2. The Museum of Art and Digital Entertainment (MADE) has announced today that they will be officially resurrecting Habitat, the first graphical massively multiplayer game. Created in 1986 by Lucasfilm Games for the Commodore 64, Habitat proved to be popular, but costly, leading to its discontinuation in 1988. Nearly 30 years later, MADE has overcome the technical challenges and will be reopening Habitat to the public tomorrow. While there had been online games with thriving communities prior to Habitat, they had all been in the world of MUDs, Multi-User Dungeons, games where interaction and visuals were entirely handled by reading and inputting text. Habitat brought games from text into a functional graphics-based format. It also originated the word avatar as used for a digital representation of a player. Players could contract disease, commit murder, rob strangers, and own homes. The game world ran on its own player-driven economy and was also governed by the players. This apparently led to chaos in the early days of Habitat before laws and rules of etiquette were established. Cosmetic items and accessories became an obsession for many in the community - 30 years might be a long time, but gamers still loved looking cool back in the first graphical MMO. “Habitat was so far ahead of its time, it was never able to reach even a tenth of the potential of its capabilities due to the future having not been evenly distributed enough at the time,” said Alex Handy, founder and director of the MADE. “Today, we think of thousands of players being in a single world at once as normal, but Habitat built this type of environment 30 years ago with the digital equivalent of sticks and stones.” As an interesting sidenote: Habitat ran on a Commodore 64 online service named Quantum Link, the predecessor of America Online. This is part of what made making Habitat compatible with modern systems difficult. The architecture of the Commodore 64 and modern computers aren't super compatible, to say nothing of the server-side issues. Restoring Habitat took MADE four years and that was with the help of the original programmers, like Chip Morningstar and Randy Farmer, beta testers, and online contributions from retro enthusiasts and leaders in the tech industry. Fujitsu, the company that purchased the rights to Habitat in order to release it in Japan, Dolby, Sony, and Stratus all contributed to the restoration efforts, too. Randy Farmer was the original C64 client programmer and the first Oracle, one of the administrator gods of Habitat. He also took the lead role in restoring the Habitat software and service. Said Farmer, “We couldn’t have pulled off the small miracle of this game, then or now, without a lot of collaborators: some original team members returned to help out, like original lead Chip Morningstar, myself, and a few of the 500 1986 Habitat Beta testers (who built much of the online world you can see today). Also, many fans of the worlds/MMOs descended from Habitat and contributors from the vibrant C64 retro gaming community. Our contributors are around the world – and include various tech CEOs, CTOs and VPs! We’d all like to thank the MADE for making this project possible: to restore the first MMO, Lucasfilm’s Habitat.” The server hosting the restored alpha version of Habitat will go live to the general public on June 2 at 6pm PT. There will be a local kick-off event at the MADE's Oakland, California location. Players around the world who want to check out the revival of Habitat can do so for free. There will be some fiddling with a C64 emulator and connection to the server, but you can find simple instructions on NeoHabitat.org.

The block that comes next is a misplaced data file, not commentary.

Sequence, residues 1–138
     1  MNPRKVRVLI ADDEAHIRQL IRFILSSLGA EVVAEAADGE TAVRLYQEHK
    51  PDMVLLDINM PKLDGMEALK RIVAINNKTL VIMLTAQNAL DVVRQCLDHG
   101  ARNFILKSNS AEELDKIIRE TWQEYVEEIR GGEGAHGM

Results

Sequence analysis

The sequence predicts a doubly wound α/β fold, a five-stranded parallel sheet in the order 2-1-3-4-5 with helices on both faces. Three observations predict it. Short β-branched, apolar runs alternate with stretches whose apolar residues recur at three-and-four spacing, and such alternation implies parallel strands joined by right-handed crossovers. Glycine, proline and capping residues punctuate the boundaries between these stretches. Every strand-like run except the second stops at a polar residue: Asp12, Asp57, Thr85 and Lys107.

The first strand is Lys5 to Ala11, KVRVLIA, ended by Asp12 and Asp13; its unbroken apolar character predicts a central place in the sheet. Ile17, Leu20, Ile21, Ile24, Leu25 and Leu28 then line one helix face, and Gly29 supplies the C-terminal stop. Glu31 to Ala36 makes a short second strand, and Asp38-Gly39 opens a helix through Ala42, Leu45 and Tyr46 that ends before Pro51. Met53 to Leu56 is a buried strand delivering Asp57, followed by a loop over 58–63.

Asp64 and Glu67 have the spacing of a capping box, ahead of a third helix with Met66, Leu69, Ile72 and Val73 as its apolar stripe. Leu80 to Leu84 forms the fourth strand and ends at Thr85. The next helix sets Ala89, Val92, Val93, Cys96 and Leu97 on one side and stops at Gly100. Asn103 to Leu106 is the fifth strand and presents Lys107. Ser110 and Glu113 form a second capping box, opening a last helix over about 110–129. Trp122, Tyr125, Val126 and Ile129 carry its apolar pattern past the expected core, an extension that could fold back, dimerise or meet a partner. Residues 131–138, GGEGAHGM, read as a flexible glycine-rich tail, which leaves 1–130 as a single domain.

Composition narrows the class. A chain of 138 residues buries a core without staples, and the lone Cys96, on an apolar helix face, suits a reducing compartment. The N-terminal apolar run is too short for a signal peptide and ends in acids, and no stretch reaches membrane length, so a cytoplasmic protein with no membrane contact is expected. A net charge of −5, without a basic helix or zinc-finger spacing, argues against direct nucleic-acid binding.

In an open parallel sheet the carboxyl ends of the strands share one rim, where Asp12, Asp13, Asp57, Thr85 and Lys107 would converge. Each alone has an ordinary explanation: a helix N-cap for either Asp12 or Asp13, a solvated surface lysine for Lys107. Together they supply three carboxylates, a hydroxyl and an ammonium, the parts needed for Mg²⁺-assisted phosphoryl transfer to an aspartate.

3. A couple years back, we told you about how the Internet Archive had added 2,400 MS-DOS games to its collection. That number of MS-DOS titles has since grown to over 4,000, but there are actually almost double that number of gaming titles that archived from other systems and consoles. The current total number of explorable gaming software on the Archive stands at 7,700. That's a lot of games! The console collection of The Internet Archive includes a staggering number of obscure systems. Ever wondered what it was like to play a Fairchild Channel F? They have 45 games anyone can try out. Never heard of the Epoch Game Pocket Computer? You can play five of those titles. In fact, there are 27 collections of uploaded and emulated software available, including over 1,500 Sega games across four of their consoles. Below you can find a comprehensive list of the consoles, the number of games in the collection, and links to their related collections on Internet Archive: Amstrad GX-4000 - 23 APF-MP1000 - 15 Atari 2600 - 519 Atari 5200 - 43 Atari 7800 – 73 Bally Astrocade - 20 Bandai Super Vision 8000 - 7 Coleco Colecovision - 234 Emerson Arcadia – 58 Entex Adventure Vision - 4 Epoch Game Pocket Computer - 5 Epoch Super Cassette Vision - 31 The Fairchild Channel F – 45 Magnavox Odyssey 2 – 122 Mattel Aquarius - 13 Mattel Intelevision - 21 Mega Duck WG-108 - 9 Neo Geo Pocket/Pocket Color – 316 Sega Game Gear - 446 Sega Genesis - 575 Sega Master System - 563 Sega SG-1000 - 74 Socrates - 8 Shoot ‘Em Up Construction Kit games - 323 Super A’Can – 9 VTech Creativision - 17 Watara Supervision - 44 However, are all of those games worth looking into? That answer is definitely a bit hazy. While Internet Archive can successfully emulate all of these titles, the controls and responsiveness of said games leaves a lot to be desired. The ideal way to play these is definitely not on the Archive, but it stands as a useful repository of history and research for those who want to know more about gaming's past. The uploaded titles include unfinished prototypes and builds for various games, too! Just be warned - there are a lot of... eccentric titles on the Internet Archive that have been made by homebrew developers and may contain some explicit material.